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Nice Guys Finish Poor: 5 Personalities that Don’t Get Promoted

Nice Guys Finish Poor: 5 Personalities that Don’t Get Promoted

July 21, 2011

Money is nice. But the business of earning it, according to some researchers, may be just the opposite.

A German study conducted by the Institute for Employment Research recently found that “nice” people tend to earn less money than their not-so-nice colleagues.

Before you ditch your good manners and start practicing your growl, take a moment to reassess your nice guy/nice gal habits.

The detrimental aspects of “nice” are usually associated with specific personality types. Here are some common culprits:

Here are a few of the types of worker you DON’T want to be — if you’re looking for a promotion.


  1. The Den Mother Cub Scout camp is over. Unless it’s a part of your job description, do not become the self-appointed nice guy who organizes office snacks, decorates the bulletin board, cleans the break room, or maintains a widely advertised supply of cough drops. For one thing, all this motherly “niceness” can actually be a real time-zapper. For another, you’ll create the perception that you’re strictly focused on assists, not on goals.
  2. The Diplomat Diplomatic nice guys make a habit of polling coworker opinions. But colleagues aren’t constituents. Too much canvassing creates the impression that you’re wishy-washy and indecisive. If and when you do assert your own judgment, coworkers will be more inclined to ignore your opinions. So take the initiative whenever possible. After all, there won’t be a company-wide vote when it comes time for your annual review.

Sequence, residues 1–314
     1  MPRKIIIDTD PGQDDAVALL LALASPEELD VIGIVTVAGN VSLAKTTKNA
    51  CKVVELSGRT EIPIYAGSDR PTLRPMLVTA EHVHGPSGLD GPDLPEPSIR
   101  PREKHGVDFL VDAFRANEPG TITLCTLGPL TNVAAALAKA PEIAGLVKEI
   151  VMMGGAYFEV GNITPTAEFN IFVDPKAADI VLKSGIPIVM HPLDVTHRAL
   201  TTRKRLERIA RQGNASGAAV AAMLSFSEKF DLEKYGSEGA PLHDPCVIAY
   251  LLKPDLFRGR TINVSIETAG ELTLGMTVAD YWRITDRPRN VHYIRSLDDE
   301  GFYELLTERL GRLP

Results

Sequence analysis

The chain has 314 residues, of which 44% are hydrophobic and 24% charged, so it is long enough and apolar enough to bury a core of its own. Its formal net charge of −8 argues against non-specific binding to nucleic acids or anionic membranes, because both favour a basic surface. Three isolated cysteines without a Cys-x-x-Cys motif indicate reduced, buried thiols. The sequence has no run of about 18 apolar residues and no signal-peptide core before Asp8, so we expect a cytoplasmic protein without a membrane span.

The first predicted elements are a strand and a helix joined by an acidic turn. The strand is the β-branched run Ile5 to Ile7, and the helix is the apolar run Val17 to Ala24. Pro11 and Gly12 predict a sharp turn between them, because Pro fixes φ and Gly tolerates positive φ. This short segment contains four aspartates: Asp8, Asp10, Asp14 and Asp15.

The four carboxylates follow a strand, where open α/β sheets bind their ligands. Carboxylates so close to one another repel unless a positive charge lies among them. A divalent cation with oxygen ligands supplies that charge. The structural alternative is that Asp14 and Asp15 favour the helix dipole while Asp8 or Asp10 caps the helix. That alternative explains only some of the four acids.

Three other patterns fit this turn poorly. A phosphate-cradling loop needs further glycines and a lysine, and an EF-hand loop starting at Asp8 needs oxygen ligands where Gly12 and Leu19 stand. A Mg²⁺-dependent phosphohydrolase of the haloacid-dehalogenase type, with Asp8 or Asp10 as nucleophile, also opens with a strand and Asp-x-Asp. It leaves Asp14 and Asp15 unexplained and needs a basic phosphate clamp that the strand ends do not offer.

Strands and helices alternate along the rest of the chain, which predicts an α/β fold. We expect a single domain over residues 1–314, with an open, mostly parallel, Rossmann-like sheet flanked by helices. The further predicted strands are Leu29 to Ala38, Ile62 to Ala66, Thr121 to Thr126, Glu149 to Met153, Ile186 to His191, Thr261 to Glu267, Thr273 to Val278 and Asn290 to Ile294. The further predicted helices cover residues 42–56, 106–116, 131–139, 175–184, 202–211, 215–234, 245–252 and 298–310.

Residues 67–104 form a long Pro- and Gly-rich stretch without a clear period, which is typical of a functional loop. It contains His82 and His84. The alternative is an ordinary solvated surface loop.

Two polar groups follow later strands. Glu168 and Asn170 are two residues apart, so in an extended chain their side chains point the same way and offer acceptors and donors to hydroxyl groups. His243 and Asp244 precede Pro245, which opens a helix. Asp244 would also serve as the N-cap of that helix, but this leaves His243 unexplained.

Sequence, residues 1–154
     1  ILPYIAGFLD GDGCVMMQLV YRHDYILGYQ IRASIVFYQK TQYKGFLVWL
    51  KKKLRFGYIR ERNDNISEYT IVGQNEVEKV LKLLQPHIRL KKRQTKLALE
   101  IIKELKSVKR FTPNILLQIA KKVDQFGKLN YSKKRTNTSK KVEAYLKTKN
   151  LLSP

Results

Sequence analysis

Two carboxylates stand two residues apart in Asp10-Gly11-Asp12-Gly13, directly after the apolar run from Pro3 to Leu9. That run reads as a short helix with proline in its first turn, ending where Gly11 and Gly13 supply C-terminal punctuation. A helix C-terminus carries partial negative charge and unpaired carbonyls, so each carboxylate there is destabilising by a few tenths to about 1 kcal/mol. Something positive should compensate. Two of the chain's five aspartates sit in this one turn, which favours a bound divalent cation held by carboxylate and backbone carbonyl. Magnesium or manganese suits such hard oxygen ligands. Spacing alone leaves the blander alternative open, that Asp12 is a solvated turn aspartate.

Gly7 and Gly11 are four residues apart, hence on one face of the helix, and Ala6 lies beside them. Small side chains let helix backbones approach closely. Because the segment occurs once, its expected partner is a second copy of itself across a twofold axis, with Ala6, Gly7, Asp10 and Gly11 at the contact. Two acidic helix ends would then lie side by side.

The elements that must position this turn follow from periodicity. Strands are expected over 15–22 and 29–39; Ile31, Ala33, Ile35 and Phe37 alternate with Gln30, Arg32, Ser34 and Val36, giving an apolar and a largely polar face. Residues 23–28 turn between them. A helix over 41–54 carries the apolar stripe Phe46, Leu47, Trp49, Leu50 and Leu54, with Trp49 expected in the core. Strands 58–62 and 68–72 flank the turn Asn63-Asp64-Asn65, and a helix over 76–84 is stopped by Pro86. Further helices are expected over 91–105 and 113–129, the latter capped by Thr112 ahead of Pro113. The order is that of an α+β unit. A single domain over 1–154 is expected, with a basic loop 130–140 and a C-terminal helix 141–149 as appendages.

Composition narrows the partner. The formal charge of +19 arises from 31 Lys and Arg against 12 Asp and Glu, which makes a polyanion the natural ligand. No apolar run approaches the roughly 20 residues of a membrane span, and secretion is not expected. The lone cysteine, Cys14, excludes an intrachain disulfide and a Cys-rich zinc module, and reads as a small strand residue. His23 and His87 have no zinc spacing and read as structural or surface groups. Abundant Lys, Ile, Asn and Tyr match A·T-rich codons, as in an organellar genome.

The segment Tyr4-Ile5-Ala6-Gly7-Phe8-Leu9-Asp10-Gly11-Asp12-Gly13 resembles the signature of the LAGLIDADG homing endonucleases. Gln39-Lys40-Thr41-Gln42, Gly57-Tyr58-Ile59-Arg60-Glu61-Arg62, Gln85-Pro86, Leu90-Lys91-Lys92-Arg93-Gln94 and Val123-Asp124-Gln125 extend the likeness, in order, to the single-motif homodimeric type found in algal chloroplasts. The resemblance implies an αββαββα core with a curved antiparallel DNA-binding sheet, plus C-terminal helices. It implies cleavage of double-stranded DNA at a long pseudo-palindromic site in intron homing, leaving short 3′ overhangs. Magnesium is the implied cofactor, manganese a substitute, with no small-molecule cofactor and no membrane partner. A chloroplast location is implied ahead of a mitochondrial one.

3. The Apologist Sorry to tell you this, but you may be apologizing too much. When you apologize for issues you didn’t create (Oh, I’m sorry it’s so rainy today), you come across as easily flustered, or lacking in self-confidence. Instead of leading with an apology, practice leading with a solution (Let’s have our meeting lunch delivered, instead of going out in this weather). You’ll garner more respect, and you’ll conserve the value of your apologies, should they ever become truly necessary.
  4. The Philanthropist By definition, nice people are generous. When a colleague is faltering, your charitable instinct is to give up your time, and help out. Unfortunately, there’s no tax credit for donated clock hours. Over time, you’ll wind up feeling unappreciated and over-worked. So instead of constantly giving, take back occasionally. Specifically, take credit for all the projects you facilitate – whether they were originally assigned to you or not.
  5. The BFF At a ninth grade sleepover, sharing secrets is “nice.” At a place of employment, it’s just a bad idea. There’s nothing wrong with socializing, but dishing major dirt puts you in a vulnerable position. Gossip travels quickly. Your crazy weekend in Vegas, your shoplifting anecdotes, your fling with the Poland Springs delivery man: these admissions can compromise your reputation – especially in the eyes of bosses and clients.
    All told, “niceness” is often a defensive reflex. If you’re not confident in your knowledge base or your skill set, you might overcompensate with excessive smiles, favors, or apologies around the office. Instead of getting mean, get educated. Online certificates in business and IT, for example, can reorient your career and help you to feel competitive, instead of threatened.